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the graph of k passes the Horizontal Line Test which means k is one to one and k −1 exists.
Computing k −1 is left as an exercise. (−)
y = k (x) As the previous example illustrates, the graphs of general algebraic functions can have features
we’ve seen before, like vertical and horizontal asymptotes, but they can occur in new and exciting
ways. For example, k (x) = √x2 −1 had two distinct horizontal asymptotes. You’ll recall that
rational functions could have at most one horizontal asymptote. Also some new characteristics like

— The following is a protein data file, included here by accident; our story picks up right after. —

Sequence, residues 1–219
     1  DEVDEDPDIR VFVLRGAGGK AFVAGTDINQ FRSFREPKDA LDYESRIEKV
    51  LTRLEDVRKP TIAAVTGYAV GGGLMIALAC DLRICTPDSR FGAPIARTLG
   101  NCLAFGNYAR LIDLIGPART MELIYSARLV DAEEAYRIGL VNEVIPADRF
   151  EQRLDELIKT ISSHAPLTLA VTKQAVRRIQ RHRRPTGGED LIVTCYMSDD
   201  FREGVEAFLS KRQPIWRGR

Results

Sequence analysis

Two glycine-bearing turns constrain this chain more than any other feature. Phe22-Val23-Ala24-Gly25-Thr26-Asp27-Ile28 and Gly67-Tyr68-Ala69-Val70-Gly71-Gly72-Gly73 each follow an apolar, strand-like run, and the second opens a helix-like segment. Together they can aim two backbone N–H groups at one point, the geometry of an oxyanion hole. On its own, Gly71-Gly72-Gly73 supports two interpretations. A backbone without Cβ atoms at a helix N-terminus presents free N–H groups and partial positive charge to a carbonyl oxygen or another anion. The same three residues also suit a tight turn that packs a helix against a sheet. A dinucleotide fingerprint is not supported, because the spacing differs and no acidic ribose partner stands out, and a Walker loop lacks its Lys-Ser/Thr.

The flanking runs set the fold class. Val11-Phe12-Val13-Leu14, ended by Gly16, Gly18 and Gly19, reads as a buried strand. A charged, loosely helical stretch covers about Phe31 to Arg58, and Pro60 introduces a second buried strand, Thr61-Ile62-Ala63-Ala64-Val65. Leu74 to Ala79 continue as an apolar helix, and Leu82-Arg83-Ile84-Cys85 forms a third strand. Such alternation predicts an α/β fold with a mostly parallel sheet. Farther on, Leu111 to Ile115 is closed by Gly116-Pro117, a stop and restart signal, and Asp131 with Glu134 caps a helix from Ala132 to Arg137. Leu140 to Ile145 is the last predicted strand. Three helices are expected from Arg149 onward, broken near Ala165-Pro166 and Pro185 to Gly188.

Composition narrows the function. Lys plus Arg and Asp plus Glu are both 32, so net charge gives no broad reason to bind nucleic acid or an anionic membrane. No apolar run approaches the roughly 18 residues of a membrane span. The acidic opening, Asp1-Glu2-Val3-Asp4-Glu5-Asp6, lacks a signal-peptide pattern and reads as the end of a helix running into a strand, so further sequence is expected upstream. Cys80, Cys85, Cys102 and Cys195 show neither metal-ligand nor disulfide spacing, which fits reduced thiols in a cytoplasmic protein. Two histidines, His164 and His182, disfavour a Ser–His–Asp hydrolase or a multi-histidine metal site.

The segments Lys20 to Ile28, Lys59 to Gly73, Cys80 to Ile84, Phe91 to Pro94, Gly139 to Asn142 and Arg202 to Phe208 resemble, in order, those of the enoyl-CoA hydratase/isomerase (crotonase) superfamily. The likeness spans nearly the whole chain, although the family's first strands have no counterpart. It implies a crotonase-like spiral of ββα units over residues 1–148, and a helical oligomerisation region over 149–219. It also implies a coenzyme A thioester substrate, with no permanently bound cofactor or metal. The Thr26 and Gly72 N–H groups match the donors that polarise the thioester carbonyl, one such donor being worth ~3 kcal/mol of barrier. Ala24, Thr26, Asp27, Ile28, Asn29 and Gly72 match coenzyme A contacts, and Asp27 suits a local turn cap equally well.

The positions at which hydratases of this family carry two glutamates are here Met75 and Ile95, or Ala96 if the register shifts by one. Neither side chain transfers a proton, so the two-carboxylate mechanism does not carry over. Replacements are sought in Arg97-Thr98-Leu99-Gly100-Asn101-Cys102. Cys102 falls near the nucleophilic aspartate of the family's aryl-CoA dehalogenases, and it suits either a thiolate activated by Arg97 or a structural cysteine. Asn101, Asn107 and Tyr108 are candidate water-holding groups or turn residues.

‘unusual steepness’8 and cusps9 can appear in the graphs of arbitrary algebraic functions. Our next
example ﬁrst demonstrates how we can use sign diagrams to solve nonlinear inequalities. (Don’t
panic. The technique is very similar to the ones used in Chapters 2, 3 and 4.) We then check our
answers graphically with a calculator and see some of the new graphical features of the functions
in this extended family.
Example 5.3.2. Solve the following inequalities. Check you...
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